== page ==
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Wednesday, 9 November 2011

Mirna van Wyk, from Stellenbosch on how you can make a difference.

Mirna comes from Stellenbosch in South Africa where I was brought up as a child. This particular article of hers got through to me as, at 72, I can not remember a time in my life when I have been other than cheerful and optimistic, even when I was hospitalised in 1970 for three months having my helmet and head bashed in when involved in a motor cycle accident. Also my Army discharge book stated that: "This soldier smiles and whistles under all difficulties."
Mirna van Wyk 

Mirna is an educational psychologist from Stellenbosch. She taught at several schools, amongst others Stellenbosch High School, Bloemhof Girls’ High and Jan Kriel School for learners with barriers to learning. She is a mother, loves art, the ocean and children.
Make a difference
I am regularly overwhelmed by the poor circumstances some humans have to bare and even more so astounded by some individuals who seem to rise above it. Not being drawn in by negative talk, depressing surroundings or infliction. These people not only seem to lift themselves above these burdens but also do so to people close to them. They are definitely not victims of their circumstances, they are survivors and in some case even victors over their dire surroundings. And researchers have been for several decades been trying to pinpoint what gives people resilience-this extraordinary power to keep one’s optimism and purpose in life.
I was watching The Secret Millionaire on BBC the other day where real-life millionaires go into needy communities for 10 days to find worthy causes to donate thousands of pounds to. Sometimes they would find a child who started an awareness campaign for hungry children, sometimes an organisation caring for children with impairments and sometimes an octogenarian simply being a good human being and bringing over cake to the new neighbour. It became clear that there are many ordinary people doing extraordinary things in simple ways every day – “modern miracle workers”.
Viktor Frankl, Jewish psychiatrist who was captured in the concentration camps during the Holocaust was amazed that some fragile and sickly people would survive the ordeal whilst physically strong people would not. He wrote a paradigm shifting book called Man’s search for Meaning in which he documented the impact of love, kindness and responsibility on humans’ lives as he had witnessed during the Holocaust. Interestingly enough, these deeds can be given or received to change lives, can be real, imagined or simply a recall of the kindness - to make an impact.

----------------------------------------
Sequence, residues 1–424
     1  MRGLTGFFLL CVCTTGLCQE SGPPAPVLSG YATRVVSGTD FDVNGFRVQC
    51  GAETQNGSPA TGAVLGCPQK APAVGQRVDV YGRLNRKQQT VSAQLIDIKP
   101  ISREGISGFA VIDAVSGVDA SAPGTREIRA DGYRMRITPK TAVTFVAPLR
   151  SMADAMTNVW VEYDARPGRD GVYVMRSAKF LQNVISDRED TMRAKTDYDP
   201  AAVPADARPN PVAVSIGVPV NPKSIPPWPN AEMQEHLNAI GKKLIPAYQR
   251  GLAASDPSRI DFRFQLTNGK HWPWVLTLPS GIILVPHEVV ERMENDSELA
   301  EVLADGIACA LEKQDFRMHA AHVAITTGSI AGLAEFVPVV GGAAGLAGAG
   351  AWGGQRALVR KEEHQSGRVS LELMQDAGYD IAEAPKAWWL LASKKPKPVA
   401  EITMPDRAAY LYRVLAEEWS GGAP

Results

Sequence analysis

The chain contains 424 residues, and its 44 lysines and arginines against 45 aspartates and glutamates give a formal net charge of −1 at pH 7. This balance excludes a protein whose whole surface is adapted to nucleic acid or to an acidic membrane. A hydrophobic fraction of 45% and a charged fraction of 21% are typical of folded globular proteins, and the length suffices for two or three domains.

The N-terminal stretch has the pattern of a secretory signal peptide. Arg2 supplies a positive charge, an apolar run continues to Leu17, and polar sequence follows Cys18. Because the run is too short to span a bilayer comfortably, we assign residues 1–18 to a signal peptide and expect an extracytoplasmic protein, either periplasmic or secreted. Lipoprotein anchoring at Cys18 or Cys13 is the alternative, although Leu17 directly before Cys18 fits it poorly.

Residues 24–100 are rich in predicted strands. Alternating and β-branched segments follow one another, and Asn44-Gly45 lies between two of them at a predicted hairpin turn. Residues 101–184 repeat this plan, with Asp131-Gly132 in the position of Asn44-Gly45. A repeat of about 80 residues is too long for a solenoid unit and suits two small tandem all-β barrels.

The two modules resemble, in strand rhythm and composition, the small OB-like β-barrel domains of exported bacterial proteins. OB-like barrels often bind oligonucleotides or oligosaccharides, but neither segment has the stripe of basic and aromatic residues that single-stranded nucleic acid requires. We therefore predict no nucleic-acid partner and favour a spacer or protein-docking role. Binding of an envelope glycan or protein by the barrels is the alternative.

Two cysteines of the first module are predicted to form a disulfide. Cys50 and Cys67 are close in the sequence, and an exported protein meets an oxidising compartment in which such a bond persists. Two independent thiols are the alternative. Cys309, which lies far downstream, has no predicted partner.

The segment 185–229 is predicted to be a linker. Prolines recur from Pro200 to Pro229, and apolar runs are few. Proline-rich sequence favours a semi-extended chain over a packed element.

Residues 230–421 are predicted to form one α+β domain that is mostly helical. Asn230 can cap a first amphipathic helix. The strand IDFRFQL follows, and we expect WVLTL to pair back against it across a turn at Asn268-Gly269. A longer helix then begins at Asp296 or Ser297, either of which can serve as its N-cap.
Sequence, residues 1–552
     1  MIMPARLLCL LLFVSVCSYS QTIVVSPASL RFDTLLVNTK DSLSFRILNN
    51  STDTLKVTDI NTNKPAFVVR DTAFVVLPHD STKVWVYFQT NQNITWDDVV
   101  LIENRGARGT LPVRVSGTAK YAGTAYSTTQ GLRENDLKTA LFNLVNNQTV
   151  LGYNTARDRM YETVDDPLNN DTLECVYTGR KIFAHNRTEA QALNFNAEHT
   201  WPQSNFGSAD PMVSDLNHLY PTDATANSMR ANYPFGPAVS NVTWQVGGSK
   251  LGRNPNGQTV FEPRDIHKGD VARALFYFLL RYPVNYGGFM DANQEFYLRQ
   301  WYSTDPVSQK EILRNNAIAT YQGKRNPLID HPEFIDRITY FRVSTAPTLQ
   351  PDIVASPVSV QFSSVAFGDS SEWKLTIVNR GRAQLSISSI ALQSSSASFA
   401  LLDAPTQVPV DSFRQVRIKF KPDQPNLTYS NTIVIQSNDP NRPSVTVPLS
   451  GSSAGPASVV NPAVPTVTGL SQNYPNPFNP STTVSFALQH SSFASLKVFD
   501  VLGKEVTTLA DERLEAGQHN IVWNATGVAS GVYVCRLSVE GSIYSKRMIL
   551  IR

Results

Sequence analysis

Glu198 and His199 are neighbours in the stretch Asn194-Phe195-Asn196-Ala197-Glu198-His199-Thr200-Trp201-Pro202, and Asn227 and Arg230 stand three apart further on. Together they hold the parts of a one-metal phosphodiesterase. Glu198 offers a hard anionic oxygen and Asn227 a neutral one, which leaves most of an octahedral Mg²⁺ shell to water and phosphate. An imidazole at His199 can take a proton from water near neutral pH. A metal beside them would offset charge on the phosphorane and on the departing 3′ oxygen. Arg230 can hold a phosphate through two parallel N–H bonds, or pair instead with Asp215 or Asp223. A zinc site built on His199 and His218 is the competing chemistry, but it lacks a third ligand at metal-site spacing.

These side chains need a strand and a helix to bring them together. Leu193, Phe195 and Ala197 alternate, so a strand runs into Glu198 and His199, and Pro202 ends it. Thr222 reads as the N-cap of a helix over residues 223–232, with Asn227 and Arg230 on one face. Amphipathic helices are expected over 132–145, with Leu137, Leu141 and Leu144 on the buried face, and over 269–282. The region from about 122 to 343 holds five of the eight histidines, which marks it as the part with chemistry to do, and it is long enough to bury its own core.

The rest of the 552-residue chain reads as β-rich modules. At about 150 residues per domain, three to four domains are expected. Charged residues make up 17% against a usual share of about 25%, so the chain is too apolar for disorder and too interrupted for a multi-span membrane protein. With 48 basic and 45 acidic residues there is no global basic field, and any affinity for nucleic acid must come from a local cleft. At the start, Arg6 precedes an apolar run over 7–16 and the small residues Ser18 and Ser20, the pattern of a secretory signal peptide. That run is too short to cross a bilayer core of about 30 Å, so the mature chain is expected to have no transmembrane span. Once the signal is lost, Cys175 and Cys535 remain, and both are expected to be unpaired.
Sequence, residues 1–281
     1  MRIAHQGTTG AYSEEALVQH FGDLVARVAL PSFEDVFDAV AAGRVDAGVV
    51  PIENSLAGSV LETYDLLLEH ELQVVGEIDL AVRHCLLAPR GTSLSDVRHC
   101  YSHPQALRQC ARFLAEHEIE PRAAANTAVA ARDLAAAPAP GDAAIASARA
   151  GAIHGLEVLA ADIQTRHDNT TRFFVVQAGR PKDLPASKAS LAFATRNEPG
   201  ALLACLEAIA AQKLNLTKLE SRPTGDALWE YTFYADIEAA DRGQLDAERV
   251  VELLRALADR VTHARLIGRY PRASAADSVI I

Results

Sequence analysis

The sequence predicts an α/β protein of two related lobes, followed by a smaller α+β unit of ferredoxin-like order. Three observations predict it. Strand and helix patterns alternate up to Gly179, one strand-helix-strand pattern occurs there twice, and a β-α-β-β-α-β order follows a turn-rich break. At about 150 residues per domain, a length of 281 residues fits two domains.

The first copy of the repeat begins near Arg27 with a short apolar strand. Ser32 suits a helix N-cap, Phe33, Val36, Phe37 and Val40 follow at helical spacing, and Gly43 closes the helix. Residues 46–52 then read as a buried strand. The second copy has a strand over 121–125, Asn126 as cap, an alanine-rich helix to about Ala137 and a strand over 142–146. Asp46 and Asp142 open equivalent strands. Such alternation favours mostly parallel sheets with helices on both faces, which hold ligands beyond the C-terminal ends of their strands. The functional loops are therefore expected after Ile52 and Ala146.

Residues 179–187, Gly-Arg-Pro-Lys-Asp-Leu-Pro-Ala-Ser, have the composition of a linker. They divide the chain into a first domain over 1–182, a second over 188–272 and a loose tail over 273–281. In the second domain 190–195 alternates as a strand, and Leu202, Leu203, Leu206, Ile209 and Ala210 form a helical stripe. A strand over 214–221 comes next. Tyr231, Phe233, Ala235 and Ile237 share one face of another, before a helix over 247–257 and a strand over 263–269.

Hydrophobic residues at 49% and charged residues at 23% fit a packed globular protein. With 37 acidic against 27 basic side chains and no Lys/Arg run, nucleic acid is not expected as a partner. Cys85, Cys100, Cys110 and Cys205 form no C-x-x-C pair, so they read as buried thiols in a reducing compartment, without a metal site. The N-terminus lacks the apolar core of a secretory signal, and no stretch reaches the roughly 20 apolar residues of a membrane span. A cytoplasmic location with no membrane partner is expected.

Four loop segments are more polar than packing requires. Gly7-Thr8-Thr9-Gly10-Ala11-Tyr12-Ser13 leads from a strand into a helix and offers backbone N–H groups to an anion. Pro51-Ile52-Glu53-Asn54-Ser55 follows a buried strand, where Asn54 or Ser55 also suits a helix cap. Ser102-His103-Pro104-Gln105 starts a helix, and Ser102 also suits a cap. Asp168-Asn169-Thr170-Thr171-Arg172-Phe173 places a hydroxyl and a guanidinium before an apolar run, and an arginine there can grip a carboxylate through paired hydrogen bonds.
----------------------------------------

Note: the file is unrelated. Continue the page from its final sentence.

Make the decision to start making a difference from today in your home, neighbourhood and place of employment. You be the change you so desperately want in the world. It starts with one person, and that person can be you.
You can start by simply smiling and greeting everybody you meet, it can be allowing another to walk first, or to take the only seat left, it can be picking up rubbish, planting trees, taking tea and cake to new neighbours, feeding the birds, playing with your children, getting involved with schools, ABET centres, old age homes to volunteer skills training or support services. It can be to pay your long time worker a decent pay or support her children’s school fees and supplies. The list is endless and will depend on your unique position and circumstance. But you can make that difference. And it is good for your own health and well being, as well.
One way of making the world a better place is to be kinder than necessary; for everyone you meet is fighting some kind of battle.
Stop your excuses and your resistance to what you know you can do to make a change. Start today. 

Just Do IT! Be one of the “modern miracle workers”.
With warmth from me to you.

You are welcome to comment or send questions to her at 

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